For the early communter and all day computer worker, audio books are a godsend to while away the hour journey home on the train.

    I did all the Harry Potter books and Golden Compass series this way!

  2. Gabraham-Himself on February 13th, 2008 7:48 am

    I still don’t get why Apple missed to include a “This is an audiobook I’m ripping right now”-function into iTunes. It would make things so much easier.

  3. Tao on February 13th, 2008 8:00 am

    Maybe the part when it scans MP3s and ripped files for “gapless” playback – it could do it then!

  4. Silla on February 13th, 2008 8:47 am

    This is exactly what I need! I’ve got tons of audiobook files mixed in with my music, and it’s difficult to find them. It’s also annoying when your iPod is set to shuffle and it suddenly starts playing an audiobook chapter ^_^’

  5. Dan on February 13th, 2008 9:46 am

    This is cool, though you could do a lot of this stuff for free with an automator workflow.

  6. J Dott on February 13th, 2008 12:34 pm

    I’ve been using Audiobook Builder for several months and love it. It does do a great job with audiobooks on CD, but it can also turn free audiobooks from into iTunes books. Very useful.

  7. Adam Teece on February 14th, 2008 12:34 am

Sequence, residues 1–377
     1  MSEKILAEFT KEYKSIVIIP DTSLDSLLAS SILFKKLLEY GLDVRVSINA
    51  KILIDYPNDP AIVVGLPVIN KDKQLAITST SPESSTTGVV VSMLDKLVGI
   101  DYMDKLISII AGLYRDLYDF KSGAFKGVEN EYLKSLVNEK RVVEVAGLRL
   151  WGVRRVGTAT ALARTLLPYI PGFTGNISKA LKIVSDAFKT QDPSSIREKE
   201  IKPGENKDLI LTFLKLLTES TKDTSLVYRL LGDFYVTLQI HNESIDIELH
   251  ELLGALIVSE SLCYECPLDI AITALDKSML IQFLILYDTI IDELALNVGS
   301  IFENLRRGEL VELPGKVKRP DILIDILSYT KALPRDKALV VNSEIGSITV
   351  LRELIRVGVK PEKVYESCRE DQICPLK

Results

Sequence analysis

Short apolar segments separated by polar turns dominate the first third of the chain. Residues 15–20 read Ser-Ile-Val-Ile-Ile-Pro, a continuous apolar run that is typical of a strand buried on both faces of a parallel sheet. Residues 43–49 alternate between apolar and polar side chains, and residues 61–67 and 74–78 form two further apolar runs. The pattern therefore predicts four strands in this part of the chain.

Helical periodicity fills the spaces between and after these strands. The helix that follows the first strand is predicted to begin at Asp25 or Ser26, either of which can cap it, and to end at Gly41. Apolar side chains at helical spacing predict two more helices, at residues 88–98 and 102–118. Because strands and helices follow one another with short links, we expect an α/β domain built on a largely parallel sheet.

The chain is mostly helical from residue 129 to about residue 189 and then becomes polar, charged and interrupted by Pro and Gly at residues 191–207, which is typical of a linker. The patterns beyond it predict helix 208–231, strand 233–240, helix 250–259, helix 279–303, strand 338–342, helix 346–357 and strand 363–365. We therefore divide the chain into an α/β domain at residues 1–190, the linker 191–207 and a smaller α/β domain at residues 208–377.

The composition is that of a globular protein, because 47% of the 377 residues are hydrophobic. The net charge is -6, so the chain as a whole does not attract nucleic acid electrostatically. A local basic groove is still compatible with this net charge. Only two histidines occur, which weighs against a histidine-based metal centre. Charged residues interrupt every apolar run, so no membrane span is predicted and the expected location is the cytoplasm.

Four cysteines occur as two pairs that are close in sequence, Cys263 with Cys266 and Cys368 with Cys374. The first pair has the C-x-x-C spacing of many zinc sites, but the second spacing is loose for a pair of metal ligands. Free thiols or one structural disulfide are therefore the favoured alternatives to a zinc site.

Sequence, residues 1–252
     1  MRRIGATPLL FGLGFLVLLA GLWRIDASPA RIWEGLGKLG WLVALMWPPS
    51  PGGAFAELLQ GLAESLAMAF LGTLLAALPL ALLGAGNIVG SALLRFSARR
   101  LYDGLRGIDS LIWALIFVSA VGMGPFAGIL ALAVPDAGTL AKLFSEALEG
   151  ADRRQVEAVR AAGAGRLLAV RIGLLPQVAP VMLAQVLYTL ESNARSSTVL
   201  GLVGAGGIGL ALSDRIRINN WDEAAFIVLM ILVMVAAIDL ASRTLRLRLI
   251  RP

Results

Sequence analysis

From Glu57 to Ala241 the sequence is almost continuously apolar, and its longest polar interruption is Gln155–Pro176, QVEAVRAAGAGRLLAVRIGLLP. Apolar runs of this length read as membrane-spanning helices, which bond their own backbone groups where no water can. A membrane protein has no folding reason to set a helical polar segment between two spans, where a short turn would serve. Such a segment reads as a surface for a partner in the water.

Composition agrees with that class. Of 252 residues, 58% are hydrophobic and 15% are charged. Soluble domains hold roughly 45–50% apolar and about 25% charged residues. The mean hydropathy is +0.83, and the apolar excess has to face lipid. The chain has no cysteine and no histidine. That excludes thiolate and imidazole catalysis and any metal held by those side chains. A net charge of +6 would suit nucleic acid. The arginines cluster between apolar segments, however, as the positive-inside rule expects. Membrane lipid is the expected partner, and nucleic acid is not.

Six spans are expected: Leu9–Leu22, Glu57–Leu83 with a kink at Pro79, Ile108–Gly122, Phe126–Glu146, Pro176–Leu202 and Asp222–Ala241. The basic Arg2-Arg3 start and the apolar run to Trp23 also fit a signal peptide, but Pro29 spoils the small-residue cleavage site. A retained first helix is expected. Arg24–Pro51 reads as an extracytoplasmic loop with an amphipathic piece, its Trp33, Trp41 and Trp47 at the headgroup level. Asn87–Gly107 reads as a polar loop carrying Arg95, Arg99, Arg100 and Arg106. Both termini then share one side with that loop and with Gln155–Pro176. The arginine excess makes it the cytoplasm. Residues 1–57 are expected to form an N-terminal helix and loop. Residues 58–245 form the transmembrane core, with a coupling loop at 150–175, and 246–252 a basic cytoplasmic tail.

I think it is a really great tool. I love buying audio books but I usually like to listen to them faster to absorb more info. So I convert the cds into iPod audio books and listen to them at the faster speed setting.

  8. Software Spotlight: Audiobook Builder on February 14th, 2008 2:39 pm

    [...] MacApper has a full review of Audiobook Builder. You can click here to try it out – a full license costs $9.95. [...]

  9. Van Lam on February 14th, 2008 8:16 pm

    Good point about the variable speed settings, normal music files don’t have that option.

  10. Chris on April 9th, 2008 11:25 pm

    With emusic doing audiobook downloads with +/- 200 individual mp3 files, this app has made life a WHOLE lot easier. For ten bucks, I’ve made managing an already enormous iTunes library much simpler. It takes a while to do its thing, even on my MBPro, but it doesn’t eat a lot of memory while it works. My only gripe is that every once in a while (one time in twenty or so), I have to remake an audiobook because it garbles at a chapter head. This is minor, however, otherwise I highly recommend it to any audiobook lovers.

  11. AJ on February 25th, 2009 4:51 pm

    You can also just rip or add the audiobook mp3 file to your library, click convert to AAC in itunes, and after it is done, go to the converted file and change the extension from .m4a to .m4b. Then you can add it to your audiobook category.

    It doesn’t do the chapters, which is what I am looking for, but…easier than getting new software if that’s all you want.

  12. Phyllis on October 2nd, 2009 10:44 am

    I am having a problem with listening to audiobook builder built audio book. I am listening to “Shannon”, a long book. I ripped the CDs into itunes. Audiobuilder divided the book into 2 parts. I am listening to part 1. I listened to some, then stopped. The bookmark was there when I went back. My problem was I missed a bit and wanted to replay the last few minutes. The audio book went back to the beginning, and I could not then find my place. Very frustrating. How can I put in stops, so it will not go back to the beginning of the book or part of book?

  13. Damian Flori on April 2nd, 2013 4:54 pm